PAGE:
The Brexit-bashers have run out of arguments

Remainers would have us sacrifice democracy for shorter queues at Dover.

Patrick West

Patrick West

Topics Brexit Politics UK

There was a time, even back in those fractious days of 2016, when the Brexit debate was mainly framed in terms of principles. Leavers stressed the importance of democracy, sovereignty, borders and ‘taking back control’. And most Remainers emphasised the ideals of internationalism, co-operation and the supposed role the European Union had played in ensuring postwar peace on the continent.

And if the debates were not about principles, they were often about the macroeconomics that would affect our everyday lives. Leavers thought liberation from the EU would allow Britain to forge new trade agreements with countries around the world. And Remainers stressed the importance of remaining in the Single Market and Britain’s reliance on labour from the rest of the EU.

Despite the rancour of the debates at the time, they seem strangely lofty and elevated by comparison with today’s Brexit ‘debates’. Leavers still cleave to the ideas of self-determination and democracy, but Remainers seem to have given up on principles altogether. Their fundamental argument against Brexit now rests on the length of queues at ferry ports and airports.

Read a comment piece or peruse Twitter, and that is Remainers’ principal objection to Brexit: ‘It’s making my holiday difficult!’ It just goes to show that there is truth to the charge that Remainers are out-of-touch ‘anywhere’ people concerned only with themselves.

They still have no grasp of why people wanted to leave the EU. No sense of the EU’s supranational, autocratic growth, and the threat it poses to national sovereignty and democracy. Leavers understand what Remainers never have – that there are more important things at stake than the prospect of being stuck in a queue at Dover or Heathrow.

Remainers are being disingenuous, too. At the time of the referendum, they never put forward ‘ease of use of airports’ as an argument for staying in the EU. And for good reason. Travel from Britain into Europe was never ‘frictionless’, even in the halcyon days of EU membership.

Britain is not contiguous with continental Europe, and was never in the borderless Schengen Area. Hence, as a daytripper to France in the years before Brexit, I often encountered long queues at passport control at Calais. As one letter writer to The Times put it this week: ‘I cannot remember making a single EU journey before 2019 from or to the UK in which I was not subjected to queues, passport and baggage checks. Nothing has changed.’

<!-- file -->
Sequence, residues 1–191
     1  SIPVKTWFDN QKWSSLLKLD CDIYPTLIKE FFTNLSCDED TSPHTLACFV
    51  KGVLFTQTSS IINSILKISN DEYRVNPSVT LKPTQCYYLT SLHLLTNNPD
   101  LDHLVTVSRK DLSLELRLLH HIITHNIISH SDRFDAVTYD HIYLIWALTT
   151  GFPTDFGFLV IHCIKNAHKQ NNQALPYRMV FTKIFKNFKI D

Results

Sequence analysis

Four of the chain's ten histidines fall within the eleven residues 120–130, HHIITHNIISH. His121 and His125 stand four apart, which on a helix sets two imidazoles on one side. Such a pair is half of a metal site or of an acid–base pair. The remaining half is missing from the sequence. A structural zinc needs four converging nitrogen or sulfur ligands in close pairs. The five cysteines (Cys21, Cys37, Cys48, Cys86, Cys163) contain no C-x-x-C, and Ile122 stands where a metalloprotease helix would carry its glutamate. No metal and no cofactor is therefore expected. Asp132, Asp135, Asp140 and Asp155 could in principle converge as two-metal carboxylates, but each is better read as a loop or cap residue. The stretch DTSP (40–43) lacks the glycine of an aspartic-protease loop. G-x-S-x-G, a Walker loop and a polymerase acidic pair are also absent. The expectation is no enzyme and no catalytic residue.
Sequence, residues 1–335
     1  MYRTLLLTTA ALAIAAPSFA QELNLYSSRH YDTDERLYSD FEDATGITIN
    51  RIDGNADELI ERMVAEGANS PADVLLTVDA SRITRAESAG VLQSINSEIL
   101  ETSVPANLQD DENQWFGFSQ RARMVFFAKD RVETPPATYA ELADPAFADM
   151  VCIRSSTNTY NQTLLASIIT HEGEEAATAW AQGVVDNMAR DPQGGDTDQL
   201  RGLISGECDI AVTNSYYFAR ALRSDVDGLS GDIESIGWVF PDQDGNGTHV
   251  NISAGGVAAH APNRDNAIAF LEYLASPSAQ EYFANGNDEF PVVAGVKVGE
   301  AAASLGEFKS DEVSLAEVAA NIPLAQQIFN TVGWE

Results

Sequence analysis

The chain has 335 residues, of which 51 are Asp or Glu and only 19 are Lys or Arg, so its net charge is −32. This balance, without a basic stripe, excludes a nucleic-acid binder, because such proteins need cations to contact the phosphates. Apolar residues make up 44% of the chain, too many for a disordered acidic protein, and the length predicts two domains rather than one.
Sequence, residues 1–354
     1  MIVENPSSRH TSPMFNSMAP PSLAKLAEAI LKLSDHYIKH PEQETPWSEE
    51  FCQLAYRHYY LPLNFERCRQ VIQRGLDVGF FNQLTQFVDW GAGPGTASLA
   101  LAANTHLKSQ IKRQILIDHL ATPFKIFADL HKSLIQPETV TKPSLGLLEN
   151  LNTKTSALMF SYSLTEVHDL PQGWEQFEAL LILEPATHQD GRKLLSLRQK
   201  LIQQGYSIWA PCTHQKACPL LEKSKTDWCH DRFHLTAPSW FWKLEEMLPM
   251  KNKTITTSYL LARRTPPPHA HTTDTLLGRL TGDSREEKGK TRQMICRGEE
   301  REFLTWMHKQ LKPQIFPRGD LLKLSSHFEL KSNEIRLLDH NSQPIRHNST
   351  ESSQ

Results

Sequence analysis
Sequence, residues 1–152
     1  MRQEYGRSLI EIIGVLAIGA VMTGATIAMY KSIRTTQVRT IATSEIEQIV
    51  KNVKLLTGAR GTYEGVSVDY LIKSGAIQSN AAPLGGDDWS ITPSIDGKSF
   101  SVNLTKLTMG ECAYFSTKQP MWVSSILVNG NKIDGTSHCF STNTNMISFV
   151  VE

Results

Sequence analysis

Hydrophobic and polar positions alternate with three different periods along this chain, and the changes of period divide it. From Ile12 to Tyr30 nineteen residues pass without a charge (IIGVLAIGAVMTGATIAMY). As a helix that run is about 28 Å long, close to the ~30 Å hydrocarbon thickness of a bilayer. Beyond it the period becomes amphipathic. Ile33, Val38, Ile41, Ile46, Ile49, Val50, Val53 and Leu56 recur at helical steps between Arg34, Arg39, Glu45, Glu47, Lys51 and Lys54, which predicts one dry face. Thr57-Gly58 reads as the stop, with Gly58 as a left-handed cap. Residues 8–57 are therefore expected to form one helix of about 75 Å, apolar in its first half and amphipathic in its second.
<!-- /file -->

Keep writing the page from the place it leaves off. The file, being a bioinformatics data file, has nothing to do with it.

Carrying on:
We all know why there is special disruption at Dover at the moment. The French officials at the Pas-de-Calais have sent too few staff to man the border posts. Many suspect France is trying to make life difficult for us as punishment for Brexit. This willingness to hurt a nation for daring to seek independence from the EU shows why we were right to want to leave it.

Something’s off about Euro 2022

Well done to the England women’s football team, who this week made it to the final of Euro 2022.

Yet despite England’s game against Sweden having been watched by 14million television viewers, I can’t help feeling that there has been something suspicious and artificial about the disproportionate amount of coverage given to the tournament – not least on BBC television and Radio 4. It has felt inauthentic and insincere, as if the national broadcaster is trying to coerce and cajole us into watching women’s football.

The women’s game is not remotely as popular as the men’s, as the BBC coverage now routinely pretends it is. But that’s how wokery works. It’s about polite lying.

You can tell there’s a woke political agenda afoot because the tournament has been accompanied by EE’s ‘not her problem’ advertising campaign, which calls on men to stop their ‘sexist hate’. It seems as if Euro 2022 has been turned into part of the cold war being waged against ‘toxic masculinity’ and misogynistic men.

Maybe women’s football is making a breakthrough, but I fear it won’t last. Right now, however, England’s success is a rare source of joy in these relentlessly grim times of ours.

Cancel culture comes for progressives

Winston Marshall, a one-time victim of cancel culture and formerly of Mumford & Sons, says that even those on the left are being cancelled, or self-censoring for the fear of being cancelled. Speaking on GB News on Tuesday evening, after US comedian Dave Chappelle had one of his shows cancelled at the last minute over his transgender jokes, Marshall said: ‘Creative industries on the whole are [full of] progressives, [and] even those getting cancelled now are progressives. Dave Chappelle is a progressive, I’m a liberal… this world’s not got conservatives in it.’

Many gender-critical feminists would remind Marshall that erstwhile progressives have been victims of cancel culture for some time now. But it’s still a point worth making. Marshall reminds us that invidious and censorious ideologies that at first might come for your opponents may ultimately come for you. At a time when ‘free speech’ is often vilified and caricatured as a ‘right-wing’ phenomenon, it is a reminder that it is something that should be valued and cherished by all.

Patrick West is a spiked columnist. His latest book, Get Over Yourself: Nietzsche For Our Times, is published by Societas.

Picture by: Getty.

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Topics Brexit Politics UK


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